OPINION: Now, where were we?
Well, the Chiefs are two points behind the table-topping Brumbies, but they have played two games less. The Bulls are two points behind the Chiefs and have played the same number of games. The Reds and Cheetahs are ahead of the sixth-placed Crusaders, but have played more games.
I'm sure it will all be clear in three weeks' time.
Following that weekend, the top two qualifiers have a bye, while teams three and four have home games against five and six, and then team one and team two have home semifinals against the winners from the first playoffs.
In reality, it will pay to be the top qualifier, which looks to be either the Chiefs or the Bulls at this stage. The Bulls in Pretoria would be a huge task.
Before the Chiefs play the Hurricanes at Waikato Stadium tomorrow night, the big concern for the coaches will be in coming to grips with the physical and mental state of their international players, mainly the All Blacks, but also those who have been with the Pacific Nations' teams.
Besides the lack of continuity within the teams, the international window has created a problem for coaches in who they should play, and who do they leave out? Which players are ready and which ones are not really in the zone mentally, or a bit jaded physically?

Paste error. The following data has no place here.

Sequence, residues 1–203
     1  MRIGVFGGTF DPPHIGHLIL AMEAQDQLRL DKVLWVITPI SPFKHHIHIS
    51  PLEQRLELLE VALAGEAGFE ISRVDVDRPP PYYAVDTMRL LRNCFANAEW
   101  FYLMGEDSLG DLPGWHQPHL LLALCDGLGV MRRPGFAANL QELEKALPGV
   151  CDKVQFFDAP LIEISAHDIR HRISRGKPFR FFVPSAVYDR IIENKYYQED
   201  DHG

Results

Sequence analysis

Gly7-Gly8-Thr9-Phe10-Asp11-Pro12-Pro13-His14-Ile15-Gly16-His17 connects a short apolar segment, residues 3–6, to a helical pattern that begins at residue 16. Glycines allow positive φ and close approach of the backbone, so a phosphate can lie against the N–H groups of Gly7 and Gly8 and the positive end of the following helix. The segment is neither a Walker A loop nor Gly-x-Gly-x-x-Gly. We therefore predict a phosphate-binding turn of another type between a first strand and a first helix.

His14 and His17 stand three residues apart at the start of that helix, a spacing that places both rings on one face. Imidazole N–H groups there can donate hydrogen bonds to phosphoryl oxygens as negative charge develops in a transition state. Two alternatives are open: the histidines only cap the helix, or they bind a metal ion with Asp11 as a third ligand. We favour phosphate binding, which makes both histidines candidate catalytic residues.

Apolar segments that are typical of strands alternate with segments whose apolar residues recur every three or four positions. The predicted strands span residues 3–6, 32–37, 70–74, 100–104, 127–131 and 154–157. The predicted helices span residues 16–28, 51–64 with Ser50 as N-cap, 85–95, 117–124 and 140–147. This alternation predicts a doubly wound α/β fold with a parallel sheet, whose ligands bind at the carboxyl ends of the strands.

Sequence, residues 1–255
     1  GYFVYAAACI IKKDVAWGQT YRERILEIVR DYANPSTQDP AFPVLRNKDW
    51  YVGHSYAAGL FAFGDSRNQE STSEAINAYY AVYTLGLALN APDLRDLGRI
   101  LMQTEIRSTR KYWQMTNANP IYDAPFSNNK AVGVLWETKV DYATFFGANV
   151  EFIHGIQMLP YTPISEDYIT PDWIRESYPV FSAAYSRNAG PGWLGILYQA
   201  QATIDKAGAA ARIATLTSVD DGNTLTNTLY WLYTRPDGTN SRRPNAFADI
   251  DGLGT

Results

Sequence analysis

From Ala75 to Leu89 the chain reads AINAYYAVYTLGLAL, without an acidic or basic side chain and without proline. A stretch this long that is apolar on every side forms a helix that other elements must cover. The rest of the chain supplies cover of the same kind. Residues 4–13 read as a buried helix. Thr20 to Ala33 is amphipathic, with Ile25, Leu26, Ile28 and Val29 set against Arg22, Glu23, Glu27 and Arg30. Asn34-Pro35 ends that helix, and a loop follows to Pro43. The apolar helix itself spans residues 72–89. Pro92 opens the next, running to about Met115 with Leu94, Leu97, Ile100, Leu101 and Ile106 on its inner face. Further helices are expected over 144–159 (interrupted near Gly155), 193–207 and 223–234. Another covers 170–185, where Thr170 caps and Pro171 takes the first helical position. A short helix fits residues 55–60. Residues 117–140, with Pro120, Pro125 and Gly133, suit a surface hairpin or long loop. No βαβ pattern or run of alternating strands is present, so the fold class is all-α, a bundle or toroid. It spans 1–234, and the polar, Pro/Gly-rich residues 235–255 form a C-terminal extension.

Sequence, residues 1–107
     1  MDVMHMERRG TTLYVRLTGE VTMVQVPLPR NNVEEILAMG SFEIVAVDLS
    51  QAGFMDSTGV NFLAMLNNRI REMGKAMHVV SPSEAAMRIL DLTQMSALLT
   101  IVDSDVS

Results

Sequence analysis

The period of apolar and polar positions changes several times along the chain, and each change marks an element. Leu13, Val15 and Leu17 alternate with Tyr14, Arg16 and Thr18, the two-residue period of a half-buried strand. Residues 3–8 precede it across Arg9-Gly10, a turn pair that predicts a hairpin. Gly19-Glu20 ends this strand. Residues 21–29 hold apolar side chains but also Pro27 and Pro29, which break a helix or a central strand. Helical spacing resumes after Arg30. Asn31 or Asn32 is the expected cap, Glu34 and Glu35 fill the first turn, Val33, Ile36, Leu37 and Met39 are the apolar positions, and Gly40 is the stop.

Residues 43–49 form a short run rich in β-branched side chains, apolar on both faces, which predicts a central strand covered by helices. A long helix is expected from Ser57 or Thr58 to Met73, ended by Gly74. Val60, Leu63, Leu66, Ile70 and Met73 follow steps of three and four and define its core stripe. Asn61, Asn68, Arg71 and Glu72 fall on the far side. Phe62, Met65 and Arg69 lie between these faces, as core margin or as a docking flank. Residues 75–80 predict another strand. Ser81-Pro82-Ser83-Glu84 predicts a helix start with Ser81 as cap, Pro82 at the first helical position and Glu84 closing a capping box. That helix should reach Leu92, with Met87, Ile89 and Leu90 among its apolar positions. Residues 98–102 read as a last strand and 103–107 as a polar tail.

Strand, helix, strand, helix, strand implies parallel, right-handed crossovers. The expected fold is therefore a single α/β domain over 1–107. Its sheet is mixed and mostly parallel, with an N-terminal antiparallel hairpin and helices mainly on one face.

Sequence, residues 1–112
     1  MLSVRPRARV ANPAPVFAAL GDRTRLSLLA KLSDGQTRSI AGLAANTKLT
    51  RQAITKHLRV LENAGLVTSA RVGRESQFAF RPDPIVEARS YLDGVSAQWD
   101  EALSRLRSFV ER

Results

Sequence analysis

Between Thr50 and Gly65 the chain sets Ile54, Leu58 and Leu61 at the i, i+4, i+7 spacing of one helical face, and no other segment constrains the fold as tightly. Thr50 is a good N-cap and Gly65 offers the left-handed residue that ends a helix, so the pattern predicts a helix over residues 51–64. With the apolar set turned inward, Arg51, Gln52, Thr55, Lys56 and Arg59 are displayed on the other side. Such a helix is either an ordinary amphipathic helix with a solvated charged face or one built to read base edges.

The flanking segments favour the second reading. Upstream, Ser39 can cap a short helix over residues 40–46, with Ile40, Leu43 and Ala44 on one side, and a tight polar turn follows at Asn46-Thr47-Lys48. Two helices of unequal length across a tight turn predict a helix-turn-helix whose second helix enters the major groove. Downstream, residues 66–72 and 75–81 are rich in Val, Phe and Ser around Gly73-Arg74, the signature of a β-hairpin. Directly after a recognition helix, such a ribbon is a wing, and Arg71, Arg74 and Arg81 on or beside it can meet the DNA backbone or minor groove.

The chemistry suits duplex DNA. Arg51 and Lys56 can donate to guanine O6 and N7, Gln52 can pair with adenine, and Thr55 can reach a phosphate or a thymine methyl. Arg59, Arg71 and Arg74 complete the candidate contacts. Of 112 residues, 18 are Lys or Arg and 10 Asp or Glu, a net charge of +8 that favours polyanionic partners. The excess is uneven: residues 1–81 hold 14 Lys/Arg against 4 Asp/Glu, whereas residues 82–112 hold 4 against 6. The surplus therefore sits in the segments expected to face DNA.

The answer to these questions will not be known until the round has been completed. It will be interesting to see which coaches have got it spot on.
In the meantime the Sharks, sitting in 10th place and with little chance of making the top six, have sacked Hawera lad John Plumtree from the coaching position with three more games to play.
Plumtree took the Sharks to the final last year and has had success in the highly important Currie Cup in South Africa, but when your time is up, it is obviously up, particularly when the new CEO makes calls based on the fearlessness of youth. I guess we were all there at some time.
Which brings us to the New Zealand franchises and the Crusaders, Hurricanes and Highlanders. Will Todd Blackadder be ousted if the Crusaders don't make the top six, or if they make the top group and fall over soon after? Does he need to make the final?
Has Mark Hammett made any progress at all with the Hurricanes, who currently sit in ninth place? What must he produce in the next three weeks to keep his job? The next three fixtures with the Chiefs, Highlanders and Crusaders could well seal his fate.
While poor old Jamie Joseph, sitting inside that flash stadium in Dunedin, must be wondering how Ma'a Nonu and Aaron Smith looked so good in the black strip and played so poorly for the Highlanders?
Sitting at the bottom of the table would have any coach feeling uneasy.
On the playing front, T J Perenara has everything to gain. The Hurricanes halfback would have watched on as neither Piri Weepu, who ran on about five metres behind the rest of the group, and stayed there pretty much throughout the game last Saturday, and Tawera Kerr-Barlow both provided mixed offerings.
For Andrew Hore, Keven Mealamu and Weepu, in particular, these remaining games could prove vital in future international selections.
Although the break probably didn't do the players any good, I am refreshed and ready for tomorrow night, which may have been the plan all along - the game is for the television viewers.
Ian Snook has coached professionally for the past 25 years in New Zealand, South Africa, Australia, England, Ireland, Japan and Italy.
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